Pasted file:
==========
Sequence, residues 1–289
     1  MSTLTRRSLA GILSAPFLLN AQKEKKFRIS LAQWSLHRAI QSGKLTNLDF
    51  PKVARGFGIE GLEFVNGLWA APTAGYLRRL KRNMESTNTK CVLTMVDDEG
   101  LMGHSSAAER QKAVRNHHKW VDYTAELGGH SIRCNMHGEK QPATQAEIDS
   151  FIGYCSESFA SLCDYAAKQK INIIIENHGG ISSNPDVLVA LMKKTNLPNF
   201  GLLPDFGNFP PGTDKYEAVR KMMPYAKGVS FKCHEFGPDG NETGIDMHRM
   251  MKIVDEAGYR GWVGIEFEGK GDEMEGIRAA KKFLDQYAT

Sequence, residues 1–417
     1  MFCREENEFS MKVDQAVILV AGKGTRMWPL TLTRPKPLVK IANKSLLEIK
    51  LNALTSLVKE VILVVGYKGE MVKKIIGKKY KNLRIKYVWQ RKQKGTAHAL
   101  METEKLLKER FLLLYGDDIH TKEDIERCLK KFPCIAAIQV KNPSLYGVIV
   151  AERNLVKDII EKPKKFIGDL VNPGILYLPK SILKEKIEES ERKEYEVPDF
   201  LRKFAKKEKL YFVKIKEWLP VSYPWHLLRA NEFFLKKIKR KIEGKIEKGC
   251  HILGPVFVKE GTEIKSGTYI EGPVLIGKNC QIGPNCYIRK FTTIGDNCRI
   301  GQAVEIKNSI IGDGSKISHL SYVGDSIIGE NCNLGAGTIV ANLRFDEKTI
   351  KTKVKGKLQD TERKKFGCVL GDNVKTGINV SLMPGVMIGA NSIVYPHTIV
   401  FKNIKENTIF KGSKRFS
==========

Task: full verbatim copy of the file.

Sequence, residues 1–289
     1  MSTLTRRSLA GILSAPFLLN AQKEKKFRIS LAQWSLHRAI QSGKLTNLDF
    51  PKVARGFGIE GLEFVNGLWA APTAGYLRRL KRNMESTNTK CVLTMVDDEG
   101  LMGHSSAAER QKAVRNHHKW VDYTAELGGH SIRCNMHGEK QPATQAEIDS
   151  FIGYCSESFA SLCDYAAKQK INIIIENHGG ISSNPDVLVA LMKKTNLPNF
   201  GLLPDFGNFP PGTDKYEAVR KMMPYAKGVS FKCHEFGPDG NETGIDMHRM
   251  MKIVDEAGYR GWVGIEFEGK GDEMEGIRAA KKFLDQYAT

Sequence, residues 1–417
     1  MFCREENEFS MKVDQAVILV AGKGTRMWPL TLTRPKPLVK IANKSLLEIK
    51  LNALTSLVKE VILVVGYKGE MVKKIIGKKY KNLRIKYVWQ RKQKGTAHAL
   101  METEKLLKER FLLLYGDDIH TKEDIERCLK KFPCIAAIQV KNPSLYGVIV
   151  AERNLVKDII EKPKKFIGDL VNPGILYLPK SILKEKIEES ERKEYEVPDF
   201  LRKFAKKEKL YFVKIKEWLP VSYPWHLLRA NEFFLKKIKR KIEGKIEKGC
   251  HILGPVFVKE GTEIKSGTYI EGPVLIGKNC QIGPNCYIRK FTTIGDNCRI
   301  GQAVEIKNSI IGDGSKISHL SYVGDSIIGE NCNLGAGTIV ANLRFDEKTI
   351  KTKVKGKLQD TERKKFGCVL GDNVKTGINV SLMPGVMIGA NSIVYPHTIV
   401  FKNIKENTIF KGSKRFS